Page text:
The enduring greatness of AB de Villiers was not merely the volume or runs, the raft of records or the radicalism his stroke-play embodied. It was equally about his revving impact on the game: the visceral fear he instilled in the hearts of bowlers, the awe he inspired in fellow batsmen, and the range of emotions he made cricket fans traverse across formats. Suffice it to say that no other batsman in this century has left the audience as mystified as de Villiers. In this space, Sandip G attempts to configure his greatness through some of his most impactful knocks, where the AB-ness of AB shone fully — and also try to understand why he struck a chord with fans, at home as well as away.
Was there anything he could not do?
His athleticism dropped jaws and quizzed Newton’s laws, like the other night in Bangalore, his keeping bounded off a gymnast’s suppleness and phew, he could even bargain a few wickets with his dibbly-dobblies, a rare aspect of the game left untouched by his enterprise. He was a reluctant bowler, and most of his nine wickets were lower-order batsmen, but he did have two prize scalps to his name — Aaron Finch and Younis Khan. The Australian opener, after a punishing 109, was bowled neck and crop by de Villiers, the former trying to knock the daylights out of him with a wild heave and de Villiers keeping the ball on off-stump, undoing Finch with his lack of pace than any orchestrated deceit. Khan was fooled by the slight away movement, which coerced a leading edge.
Unlike his batting, he didn’t possess any arcanery of deception-tricks, but bowled with a great deal of common sense, making us wonder how resourceful he could’ve been if he had shed more attention to his bowling.
Tests: Stonewalling at Kotla (43 off 297 vs Ind): The last innings of a dead rubber, marred by substandard turners that eventually devoured the South African batsmen, AB, then the record-holder for the fastest 50, 100 and 150 in ODIs, decided to play the most un-AB innings of his career, a treatise on old-fashioned stone-walling. The type that would have Barrington and Boycott blushing. But he was merely demonstrating another undervalued, lesser-burnished shade of his game — the art of defiance, wrapped often in a silken veil of bluster. It would be rude to even suggest that he defied his instincts and impulses, cravings and temptations, rather he presented another dimension of him.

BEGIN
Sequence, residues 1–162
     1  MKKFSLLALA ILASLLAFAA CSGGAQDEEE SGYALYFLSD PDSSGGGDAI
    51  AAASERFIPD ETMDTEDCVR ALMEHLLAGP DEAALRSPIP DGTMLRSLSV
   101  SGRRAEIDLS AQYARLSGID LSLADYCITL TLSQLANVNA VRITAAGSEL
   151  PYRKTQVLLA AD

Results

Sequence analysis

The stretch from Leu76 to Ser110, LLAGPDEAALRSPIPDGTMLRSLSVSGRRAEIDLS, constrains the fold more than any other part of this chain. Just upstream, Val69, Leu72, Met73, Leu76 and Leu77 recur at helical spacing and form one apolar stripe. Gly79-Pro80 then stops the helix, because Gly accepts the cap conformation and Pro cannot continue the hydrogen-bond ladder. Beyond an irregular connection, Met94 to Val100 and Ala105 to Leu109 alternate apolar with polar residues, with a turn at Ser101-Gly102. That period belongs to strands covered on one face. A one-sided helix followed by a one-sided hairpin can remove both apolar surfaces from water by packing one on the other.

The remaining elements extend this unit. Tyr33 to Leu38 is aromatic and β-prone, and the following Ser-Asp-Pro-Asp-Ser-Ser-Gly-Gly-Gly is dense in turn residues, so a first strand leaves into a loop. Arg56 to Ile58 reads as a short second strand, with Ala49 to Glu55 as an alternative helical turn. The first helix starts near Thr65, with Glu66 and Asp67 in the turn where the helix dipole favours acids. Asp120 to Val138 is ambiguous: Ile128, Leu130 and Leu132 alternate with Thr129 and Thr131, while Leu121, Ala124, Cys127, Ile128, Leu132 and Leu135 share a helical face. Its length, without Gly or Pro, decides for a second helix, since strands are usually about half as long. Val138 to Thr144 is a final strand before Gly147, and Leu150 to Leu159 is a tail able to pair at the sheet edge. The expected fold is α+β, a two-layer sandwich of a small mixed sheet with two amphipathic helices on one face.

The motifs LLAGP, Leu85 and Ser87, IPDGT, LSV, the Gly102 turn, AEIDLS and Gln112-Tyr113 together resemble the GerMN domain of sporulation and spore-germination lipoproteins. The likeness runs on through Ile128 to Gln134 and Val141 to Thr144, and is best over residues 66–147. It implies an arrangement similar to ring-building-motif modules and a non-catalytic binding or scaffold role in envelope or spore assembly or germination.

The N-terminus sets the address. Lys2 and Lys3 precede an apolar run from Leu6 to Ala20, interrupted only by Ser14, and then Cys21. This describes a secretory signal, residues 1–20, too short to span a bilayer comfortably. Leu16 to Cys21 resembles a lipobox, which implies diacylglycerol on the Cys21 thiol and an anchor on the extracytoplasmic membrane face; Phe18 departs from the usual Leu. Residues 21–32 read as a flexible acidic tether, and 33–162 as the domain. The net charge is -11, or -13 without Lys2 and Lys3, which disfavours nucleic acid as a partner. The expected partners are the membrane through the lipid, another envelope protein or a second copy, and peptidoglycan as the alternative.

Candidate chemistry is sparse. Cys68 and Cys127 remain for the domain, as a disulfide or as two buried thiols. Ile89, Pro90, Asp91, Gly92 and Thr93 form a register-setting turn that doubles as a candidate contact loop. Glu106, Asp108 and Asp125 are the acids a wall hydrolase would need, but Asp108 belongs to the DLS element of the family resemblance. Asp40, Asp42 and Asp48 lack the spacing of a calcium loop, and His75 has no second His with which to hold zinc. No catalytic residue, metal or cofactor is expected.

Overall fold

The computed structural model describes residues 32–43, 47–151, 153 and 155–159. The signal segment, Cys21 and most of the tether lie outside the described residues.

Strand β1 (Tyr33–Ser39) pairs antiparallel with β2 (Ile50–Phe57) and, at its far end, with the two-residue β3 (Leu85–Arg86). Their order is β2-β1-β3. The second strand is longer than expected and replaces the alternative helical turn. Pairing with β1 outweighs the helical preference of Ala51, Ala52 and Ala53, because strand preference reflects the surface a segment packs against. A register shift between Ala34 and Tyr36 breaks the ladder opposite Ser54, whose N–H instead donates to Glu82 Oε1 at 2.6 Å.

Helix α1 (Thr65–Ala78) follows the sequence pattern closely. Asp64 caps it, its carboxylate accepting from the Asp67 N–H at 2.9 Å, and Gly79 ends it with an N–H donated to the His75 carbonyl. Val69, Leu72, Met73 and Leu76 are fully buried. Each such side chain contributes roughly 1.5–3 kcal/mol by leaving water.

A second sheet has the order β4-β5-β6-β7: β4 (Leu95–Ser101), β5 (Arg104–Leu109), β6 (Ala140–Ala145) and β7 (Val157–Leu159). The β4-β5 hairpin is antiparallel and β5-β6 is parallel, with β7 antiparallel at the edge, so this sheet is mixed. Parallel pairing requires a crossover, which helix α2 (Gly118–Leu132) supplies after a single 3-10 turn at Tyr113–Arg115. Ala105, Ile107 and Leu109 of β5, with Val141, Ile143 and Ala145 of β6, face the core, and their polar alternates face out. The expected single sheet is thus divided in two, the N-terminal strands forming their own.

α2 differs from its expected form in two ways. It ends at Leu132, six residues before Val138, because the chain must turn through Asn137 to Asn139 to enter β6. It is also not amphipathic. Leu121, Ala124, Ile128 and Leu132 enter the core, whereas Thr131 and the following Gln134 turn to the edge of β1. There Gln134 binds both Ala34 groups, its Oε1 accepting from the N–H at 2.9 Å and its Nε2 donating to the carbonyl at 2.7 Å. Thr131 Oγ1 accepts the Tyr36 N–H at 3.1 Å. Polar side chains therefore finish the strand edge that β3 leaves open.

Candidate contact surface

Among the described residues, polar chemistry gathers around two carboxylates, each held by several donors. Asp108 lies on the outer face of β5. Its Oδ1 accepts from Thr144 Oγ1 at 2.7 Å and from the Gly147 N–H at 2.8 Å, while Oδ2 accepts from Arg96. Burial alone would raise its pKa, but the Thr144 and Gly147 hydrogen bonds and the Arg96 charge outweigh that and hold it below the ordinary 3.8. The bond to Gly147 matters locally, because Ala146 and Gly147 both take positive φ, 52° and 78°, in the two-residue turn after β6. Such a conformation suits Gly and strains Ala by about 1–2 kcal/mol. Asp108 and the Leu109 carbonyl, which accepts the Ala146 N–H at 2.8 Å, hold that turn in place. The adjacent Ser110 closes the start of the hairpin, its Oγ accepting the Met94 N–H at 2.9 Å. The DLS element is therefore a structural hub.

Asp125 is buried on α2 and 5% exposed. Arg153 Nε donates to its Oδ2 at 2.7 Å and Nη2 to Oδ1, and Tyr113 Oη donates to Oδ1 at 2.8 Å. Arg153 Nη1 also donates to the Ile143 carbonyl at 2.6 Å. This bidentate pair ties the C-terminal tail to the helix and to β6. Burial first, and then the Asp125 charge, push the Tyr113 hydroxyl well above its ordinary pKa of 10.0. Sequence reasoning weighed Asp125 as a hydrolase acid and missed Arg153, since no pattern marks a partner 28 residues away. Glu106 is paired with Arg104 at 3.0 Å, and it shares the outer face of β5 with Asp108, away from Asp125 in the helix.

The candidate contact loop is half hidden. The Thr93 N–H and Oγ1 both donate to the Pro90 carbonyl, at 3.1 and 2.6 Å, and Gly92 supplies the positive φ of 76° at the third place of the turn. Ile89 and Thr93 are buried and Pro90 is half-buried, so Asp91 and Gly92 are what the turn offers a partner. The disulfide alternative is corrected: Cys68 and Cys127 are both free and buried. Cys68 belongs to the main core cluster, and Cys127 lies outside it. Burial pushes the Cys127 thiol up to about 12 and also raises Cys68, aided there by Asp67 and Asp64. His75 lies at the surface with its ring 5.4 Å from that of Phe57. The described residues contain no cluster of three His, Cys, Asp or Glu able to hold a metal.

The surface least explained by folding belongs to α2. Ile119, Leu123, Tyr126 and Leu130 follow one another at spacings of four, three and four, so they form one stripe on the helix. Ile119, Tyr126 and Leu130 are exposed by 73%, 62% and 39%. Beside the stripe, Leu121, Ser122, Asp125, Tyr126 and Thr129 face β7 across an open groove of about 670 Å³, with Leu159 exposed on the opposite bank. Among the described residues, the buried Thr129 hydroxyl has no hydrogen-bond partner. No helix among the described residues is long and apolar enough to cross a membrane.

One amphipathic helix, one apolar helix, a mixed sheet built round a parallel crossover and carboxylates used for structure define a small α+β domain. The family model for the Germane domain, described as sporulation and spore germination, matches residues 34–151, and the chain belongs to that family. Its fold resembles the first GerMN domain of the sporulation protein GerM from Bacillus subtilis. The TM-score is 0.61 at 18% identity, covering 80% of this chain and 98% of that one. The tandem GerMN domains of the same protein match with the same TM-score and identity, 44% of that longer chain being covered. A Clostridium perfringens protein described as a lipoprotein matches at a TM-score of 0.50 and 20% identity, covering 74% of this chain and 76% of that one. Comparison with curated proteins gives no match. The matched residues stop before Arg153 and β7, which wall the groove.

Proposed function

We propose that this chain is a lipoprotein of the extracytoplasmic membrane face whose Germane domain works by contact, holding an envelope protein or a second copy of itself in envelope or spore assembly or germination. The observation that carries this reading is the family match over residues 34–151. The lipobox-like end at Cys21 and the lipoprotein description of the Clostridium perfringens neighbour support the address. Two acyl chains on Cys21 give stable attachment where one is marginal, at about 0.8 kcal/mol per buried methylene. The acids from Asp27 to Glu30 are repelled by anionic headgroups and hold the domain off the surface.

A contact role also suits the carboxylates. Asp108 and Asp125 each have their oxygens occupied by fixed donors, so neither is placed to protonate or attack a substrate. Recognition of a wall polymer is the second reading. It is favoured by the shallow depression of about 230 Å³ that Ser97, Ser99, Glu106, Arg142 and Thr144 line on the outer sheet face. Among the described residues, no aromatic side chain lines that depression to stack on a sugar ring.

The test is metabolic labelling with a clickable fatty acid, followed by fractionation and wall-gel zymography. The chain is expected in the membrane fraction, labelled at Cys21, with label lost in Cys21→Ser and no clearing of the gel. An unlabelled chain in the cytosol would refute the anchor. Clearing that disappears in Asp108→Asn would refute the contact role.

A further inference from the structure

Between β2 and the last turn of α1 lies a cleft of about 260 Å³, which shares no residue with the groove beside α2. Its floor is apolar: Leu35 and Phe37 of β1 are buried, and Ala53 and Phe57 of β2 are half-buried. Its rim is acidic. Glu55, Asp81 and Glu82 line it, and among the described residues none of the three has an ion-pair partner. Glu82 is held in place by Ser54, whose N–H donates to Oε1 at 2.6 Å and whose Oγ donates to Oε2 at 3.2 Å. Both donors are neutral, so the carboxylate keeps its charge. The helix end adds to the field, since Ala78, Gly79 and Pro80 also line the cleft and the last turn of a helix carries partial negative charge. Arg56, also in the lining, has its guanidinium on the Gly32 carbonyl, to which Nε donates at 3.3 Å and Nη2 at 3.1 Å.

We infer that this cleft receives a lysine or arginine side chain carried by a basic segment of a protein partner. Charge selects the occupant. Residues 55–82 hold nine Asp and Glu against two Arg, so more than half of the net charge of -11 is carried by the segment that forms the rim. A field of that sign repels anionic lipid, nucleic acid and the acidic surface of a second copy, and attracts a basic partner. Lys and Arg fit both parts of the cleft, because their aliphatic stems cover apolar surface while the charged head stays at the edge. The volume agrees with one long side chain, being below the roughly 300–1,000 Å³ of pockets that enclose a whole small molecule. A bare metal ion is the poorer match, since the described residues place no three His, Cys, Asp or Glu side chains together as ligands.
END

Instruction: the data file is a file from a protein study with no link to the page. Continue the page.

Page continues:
To put the dour magnificence of that knock in perspective, he scored only six boundaries, finding the ropes only when the ball was irresistible. He faced 297 balls and batted for 354 minutes, his third longest effort. On occasions, he has batted longer, he had to his name 178 (off 352 balls against the West Indies in Bridgetown) and 278 not out (off 418 balls). He also became the only batsman to have not scored a 50 despite playing 300-plus minutes. Several lesser exalted virtues of AB shone through the Kotla blockathon, not least his infinite level of concentration, indefatigability and physical stamina, and the inscrutable technique on a wearing surface against Ashwin and Jadeja. Most often, his bat has resembled a magic wand, lithe and limber, but in Kotla for nearly six hours, as it was in 2012 against Australia in Adelaide when he scored a boundary-less 33 off 220 balls, it was like an unbreakable barn-door of antique mahagony.
ODIs: Bullring madness (144 off 44 vs WI): Even by the Wanderers’ penchant for incredible feats of batsmanship, his evisceration of West Indies is, by some distance, the most destructive exhibition of batting it has witnessed. To capture the essence, when he walked in, South Africa were already 247 for 1 in 38.3 overs. When he departed, in the fourth ball of the final over, South Africa had knocked off 192 runs more in only 67 balls—144 of those came off de Villiers’s bat in merely 44 balls in 59 minutes. More crucial and gratifying runs have come off AB’s bat, but not with such ferocity, or eye-rubbing audacity. Forget the records he broke — 16-ball 50, 31-ball 100 — but this was de Villiers at the peak of his improvisational ingenuity — lap shot, scoop, switch hit, ramp, reverse sweep, every modern-day batting gadgetry — almost prophetically deciphering the intentions of the petrified bowlers, pulling out every stroke in and out of the coaching manual bounds. To think that he was nervous when he straddled on to bat, as he had written in his autobiography, beggars belief.
Appeal: Beyond the boundaries
A quirky banner at the Oval, where South Africa was playing England in 2012, offered a solution for the dwindling crowd for Test matches: “AB should play every Test in the world.” Like Tendulkar and Lara of recent vintage and like Richards and Sobers of distant sepia, de Villiers was the consummate crowd-puller, be it Brisbane or Bridgetown, Oval or Wankhede, Colombo or Cape Town. In his last tour to India, they cheered for AB as vocally as they did for Kohli, often louder and spunkier. In the IPL, he’s the ultimate crowd-magnet, even if RCB continue to languish at the bottom of the pile. As with the greats, his batting transcends loyalties.
Indian batting great Rahul Dravid dangles a simple observation: “If you can bat like that you are going to be popular.” Even young impressionable batsmen attempt to ape him, and they soon find out that it’s far from easy. Even as recent as the SRH-CSK playoff, Carlos Brathwaite shed his impulses and tried to fit into his robes, only to find that’s hollow. Several others would readily testify to such mis-experiments. Like they tried with Lara and Tendulkar, Richards and Sobers.
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